A response to Alireza Nader's "Punish Iran's Rulers, Not Its People."
Following the passage of the Iran Refined Petroleum Sanctions Act in the U.S. House of Representatives today, it’s worth considering the following facts in response to those who claim that the legislation will lead to a "rally around the flag" in Iran and who argue only for targeted sanctions against the Islamic Revolutionary Guard Corps (IRGC).
Before the Iranian regime’s brutal effort to crush the protests following the June 12 presidential election, an Iranian cab driver who couldn’t buy gasoline would probably curse the Americans. After witnessing the brutal crackdown and his fellow citizens dying in the streets, he now might very well blame the regime.
Targeted sanctions are, for the most part, a fiction. If sanctions against America targeted the S&P 500, the American people would surely suffer. The United States can’t effectively sanction the IRGC, which controls one-third of the Iranian economy, without hurting the Iranian people.
The U.S. Treasury Department’s efforts against Iran have already been very harmful to the Iranian economy and, as a result, to the Iranian people. Yet, the Iranian people are not blaming Treasury Undersecretary Stuart Levey for the terrible economy despite the regime’s best efforts to convince them to do so. Indeed, since June 12, we have heard Iranian dissidents increasingly wonder whether some sanctions — specifically gasoline sanctions — could be used to buttress the democracy movement in Iran. In private, some important dissidents have said that they would definitely welcome some sanctions so long as they were levied in the name of Iranian democracy.
There is ample precedent for this: Most South African dissidents were strong supporters of the embargo against the apartheid regime even though those sanctions unquestionably hurt millions of South Africans, especially those most economically disadvantaged. Sanctions are absolutely not a cure-all for iniquitous or hostile regimes; there are issues — for example, Iran’s support to terrorist organizations — where sanctions may well send the wrong message about American resolve to defend itself and its allies. But with the Islamic Republic, as a means of addressing nuclear weaponization and democracy, gasoline sanctions are a sensible approach that might well have productively convulsive effects.
It’s precisely because of the possibility that gasoline sanctions could be so consequential that they’re worth pursuing. We suspect senior Iranian officials have been so loud in mocking the effectiveness of these sanctions because the regime knows it still does not have the requisite reserve capacity — despite its much ballyhooed efforts — to stop such sanctions from fomenting even more distaste for the regime on the Iranian street.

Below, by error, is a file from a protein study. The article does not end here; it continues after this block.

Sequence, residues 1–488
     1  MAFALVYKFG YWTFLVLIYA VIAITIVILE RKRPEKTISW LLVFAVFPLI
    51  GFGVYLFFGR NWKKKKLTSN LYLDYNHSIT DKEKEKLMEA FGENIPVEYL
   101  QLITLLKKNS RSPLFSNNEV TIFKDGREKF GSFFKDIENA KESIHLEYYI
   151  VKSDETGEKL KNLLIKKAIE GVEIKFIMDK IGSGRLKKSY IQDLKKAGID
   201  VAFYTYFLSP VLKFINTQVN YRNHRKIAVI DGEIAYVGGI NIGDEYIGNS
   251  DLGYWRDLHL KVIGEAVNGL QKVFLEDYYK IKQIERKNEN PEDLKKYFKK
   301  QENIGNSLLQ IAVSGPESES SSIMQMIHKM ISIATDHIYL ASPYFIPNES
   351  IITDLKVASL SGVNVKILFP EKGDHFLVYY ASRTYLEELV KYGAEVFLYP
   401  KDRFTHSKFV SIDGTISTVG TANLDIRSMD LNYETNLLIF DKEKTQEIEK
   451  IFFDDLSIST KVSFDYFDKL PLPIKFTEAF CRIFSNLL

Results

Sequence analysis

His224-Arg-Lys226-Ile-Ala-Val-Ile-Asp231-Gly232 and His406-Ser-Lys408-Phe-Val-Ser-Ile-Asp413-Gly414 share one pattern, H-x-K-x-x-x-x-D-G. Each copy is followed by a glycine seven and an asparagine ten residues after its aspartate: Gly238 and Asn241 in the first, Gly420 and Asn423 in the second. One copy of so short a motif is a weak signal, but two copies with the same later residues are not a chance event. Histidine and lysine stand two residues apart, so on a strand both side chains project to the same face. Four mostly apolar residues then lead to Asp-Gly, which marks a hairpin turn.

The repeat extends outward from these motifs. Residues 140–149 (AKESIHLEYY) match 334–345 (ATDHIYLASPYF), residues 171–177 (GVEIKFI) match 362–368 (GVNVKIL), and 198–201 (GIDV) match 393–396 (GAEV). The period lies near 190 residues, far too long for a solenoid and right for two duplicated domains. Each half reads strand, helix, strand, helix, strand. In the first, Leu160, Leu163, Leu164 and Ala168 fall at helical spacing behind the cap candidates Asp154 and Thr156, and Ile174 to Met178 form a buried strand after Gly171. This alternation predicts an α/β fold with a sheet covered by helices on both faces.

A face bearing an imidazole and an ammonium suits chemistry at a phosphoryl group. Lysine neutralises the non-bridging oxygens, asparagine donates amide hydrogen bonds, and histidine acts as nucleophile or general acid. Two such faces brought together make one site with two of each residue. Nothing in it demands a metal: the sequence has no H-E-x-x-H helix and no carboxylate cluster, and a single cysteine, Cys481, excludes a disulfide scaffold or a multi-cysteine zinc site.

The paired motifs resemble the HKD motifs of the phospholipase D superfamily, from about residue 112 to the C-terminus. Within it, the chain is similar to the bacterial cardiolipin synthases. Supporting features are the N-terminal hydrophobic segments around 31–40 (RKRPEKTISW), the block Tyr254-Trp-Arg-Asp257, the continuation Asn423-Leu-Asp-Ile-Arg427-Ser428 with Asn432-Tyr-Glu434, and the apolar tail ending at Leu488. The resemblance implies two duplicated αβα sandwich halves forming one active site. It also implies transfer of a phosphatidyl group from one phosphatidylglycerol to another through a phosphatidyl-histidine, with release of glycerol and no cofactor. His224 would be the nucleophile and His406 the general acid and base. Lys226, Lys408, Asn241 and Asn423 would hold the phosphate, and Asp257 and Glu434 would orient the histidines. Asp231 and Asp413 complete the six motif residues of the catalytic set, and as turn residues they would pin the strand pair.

The options to deal with Iranian nukes are not between good and bad but between bad and worse. We don’t like sanctions. But they are a peaceful alternative that just might put significant pressure on Tehran. It’s worth a try.
Josh Rogin covers national security and foreign policy and writes the daily Web column The Cable. His column appears bi-weekly in the print edition of The Washington Post. He can be reached for comments or tips at firstname.lastname@example.org.
Previously, Josh covered defense and foreign policy as a staff writer for Congressional Quarterly, writing extensively on Iraq, Afghanistan, Guantánamo Bay, U.S.-Asia relations, defense budgeting and appropriations, and the defense lobbying and contracting industries. Prior to that, he covered military modernization, cyber warfare, space, and missile defense for Federal Computer Week Magazine. He has also served as Pentagon Staff Reporter for the Asahi Shimbun, Japan's leading daily newspaper, in its Washington, D.C., bureau, where he reported on U.S.-Japan relations, Chinese military modernization, the North Korean nuclear crisis, and more.
A graduate of George Washington University's Elliott School of International Affairs, Josh lived in Yokohama, Japan, and studied at Tokyo's Sophia University. He speaks conversational Japanese and has reported from the region. He has also worked at the House International Relations Committee, the Embassy of Japan, and the Brookings Institution.
Josh's reporting has been featured on CNN, MSNBC, C-Span, CBS, ABC, NPR, WTOP, and several other outlets. He was a 2008-2009 National Press Foundation's Paul Miller Washington Reporting Fellow, 2009 military reporting fellow with the Knight Center for Specialized Journalism and the 2011 recipient of the InterAction Award for Excellence in International Reporting. He hails from Philadelphia and lives in Washington, D.C.| The Cable |